• Sorry, that’s incorrect.

    Not all microbes are harmful to humans. In fact, many of them protect us, helping our bodies function properly and competing with harmful organisms in an eternal contest for habitable space in or on our bodies. Although the microorganisms that cause disease often receive more attention, most microorganisms do not cause illness.

In 2008, about how many people worldwide were infected with HIV (human immunodeficiency virus)?

  • Sorry, that’s incorrect.

    In 2008, more than 33 million people worldwide were infected with HIV (human immunodeficiency virus). In that same year, an estimated 2 million people died from AIDS (acquired immunodeficiency syndrome), the final stage of HIV infection.

  • Sorry, that’s incorrect.

    In 2008, more than 33 million people worldwide were infected with HIV (human immunodeficiency virus). In that same year, an estimated 2 million people died from AIDS (acquired immunodeficiency syndrome), the final stage of HIV infection.

  • Correct!

    In 2008, more than 33 million people worldwide were infected with HIV (human immunodeficiency virus). In that same year, an estimated 2 million people died from AIDS (acquired immunodeficiency syndrome), the final stage of HIV infection.

Which are larger?

  • Correct!

    Bacteria are 10 to 100 times larger than viruses.

  • Sorry, that’s incorrect.

    Bacteria are 10 to 100 times larger than viruses.

True or False: Antibiotics work by introducing an agent that resembles a disease-causing microbe, thus stimulating the body's immune system to recognize it as foreign, destroy it, and "remember" it, so that it can more easily identify and destroy any similar, disease-causing microbes that it later encounters.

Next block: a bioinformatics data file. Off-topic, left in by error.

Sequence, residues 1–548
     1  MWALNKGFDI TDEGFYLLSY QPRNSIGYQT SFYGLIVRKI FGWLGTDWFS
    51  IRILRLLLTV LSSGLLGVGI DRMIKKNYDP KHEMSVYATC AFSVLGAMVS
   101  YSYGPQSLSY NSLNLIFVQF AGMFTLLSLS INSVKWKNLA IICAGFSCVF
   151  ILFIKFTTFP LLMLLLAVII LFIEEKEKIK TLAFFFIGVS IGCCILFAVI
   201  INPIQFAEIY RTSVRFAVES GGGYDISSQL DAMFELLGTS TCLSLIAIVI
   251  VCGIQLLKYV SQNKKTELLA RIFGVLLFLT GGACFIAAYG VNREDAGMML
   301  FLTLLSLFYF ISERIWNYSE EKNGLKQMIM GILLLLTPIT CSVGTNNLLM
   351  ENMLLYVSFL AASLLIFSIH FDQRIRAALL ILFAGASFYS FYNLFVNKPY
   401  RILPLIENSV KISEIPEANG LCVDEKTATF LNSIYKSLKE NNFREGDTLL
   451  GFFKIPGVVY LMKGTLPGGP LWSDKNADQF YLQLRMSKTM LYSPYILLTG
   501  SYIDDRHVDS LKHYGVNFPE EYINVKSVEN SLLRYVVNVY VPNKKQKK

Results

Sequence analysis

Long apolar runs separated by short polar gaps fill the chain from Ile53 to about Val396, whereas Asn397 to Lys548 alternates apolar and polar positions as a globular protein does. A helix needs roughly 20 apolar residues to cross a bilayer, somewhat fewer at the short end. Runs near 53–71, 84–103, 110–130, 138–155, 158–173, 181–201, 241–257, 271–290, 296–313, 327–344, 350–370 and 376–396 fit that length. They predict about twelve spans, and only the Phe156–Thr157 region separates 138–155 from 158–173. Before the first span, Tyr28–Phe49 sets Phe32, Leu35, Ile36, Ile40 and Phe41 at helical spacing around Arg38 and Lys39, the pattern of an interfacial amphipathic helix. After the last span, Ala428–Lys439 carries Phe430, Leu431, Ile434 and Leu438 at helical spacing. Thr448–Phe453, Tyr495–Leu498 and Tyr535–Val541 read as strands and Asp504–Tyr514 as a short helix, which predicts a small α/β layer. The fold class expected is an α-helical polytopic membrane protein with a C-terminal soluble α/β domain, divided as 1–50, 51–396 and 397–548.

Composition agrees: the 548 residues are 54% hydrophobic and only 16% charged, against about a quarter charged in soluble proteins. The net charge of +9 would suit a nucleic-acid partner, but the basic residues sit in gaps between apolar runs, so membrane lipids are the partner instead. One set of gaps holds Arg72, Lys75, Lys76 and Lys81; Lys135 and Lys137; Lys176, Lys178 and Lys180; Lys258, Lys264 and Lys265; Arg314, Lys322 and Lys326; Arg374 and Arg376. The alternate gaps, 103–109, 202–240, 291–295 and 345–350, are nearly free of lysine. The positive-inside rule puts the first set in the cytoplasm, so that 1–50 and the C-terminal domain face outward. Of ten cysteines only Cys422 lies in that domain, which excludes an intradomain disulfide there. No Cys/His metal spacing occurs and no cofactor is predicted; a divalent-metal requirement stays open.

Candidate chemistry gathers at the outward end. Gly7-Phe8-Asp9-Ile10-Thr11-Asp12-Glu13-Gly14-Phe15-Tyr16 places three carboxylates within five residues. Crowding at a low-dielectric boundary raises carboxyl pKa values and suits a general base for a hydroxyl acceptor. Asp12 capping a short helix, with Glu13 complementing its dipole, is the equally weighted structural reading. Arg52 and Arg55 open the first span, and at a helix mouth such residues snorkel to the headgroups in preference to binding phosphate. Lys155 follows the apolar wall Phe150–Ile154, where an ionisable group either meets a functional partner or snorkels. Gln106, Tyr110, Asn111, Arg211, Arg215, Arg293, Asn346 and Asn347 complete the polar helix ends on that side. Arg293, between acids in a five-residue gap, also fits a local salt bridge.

• Sorry, that’s incorrect.

    The above describes how vaccines work. Antibiotics work by either killing bacteria or stopping them from reproducing, allowing the body's natural defenses to eliminate the pathogens.

  • Correct!

    The above describes how vaccines work. Antibiotics work by either killing bacteria or stopping them from reproducing, allowing the body's natural defenses to eliminate the pathogens.

Which deadly pathogen cannot be found naturally in the wild:

  • Sorry, that’s incorrect.

    Smallpox cannot be found naturally in the wild. Smallpox was officially declared eradicated from the globe in 1980, after an 11-year WHO vaccination campaign—the first human disease to be eliminated as a naturally spread contagion. Today, the virus remains only in laboratory stockpiles.

  • Sorry, that’s incorrect.

    Smallpox cannot be found naturally in the wild. Smallpox was officially declared eradicated from the globe in 1980, after an 11-year WHO vaccination campaign—the first human disease to be eliminated as a naturally spread contagion. Today, the virus remains only in laboratory stockpiles.

  • Correct!

    Smallpox cannot be found naturally in the wild. Smallpox was officially declared eradicated from the globe in 1980, after an 11-year WHO vaccination campaign—the first human disease to be eliminated as a naturally spread contagion. Today, the virus remains only in laboratory stockpiles.

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Infectious Disease Defined

Mortality

The number of deaths in a given time or place.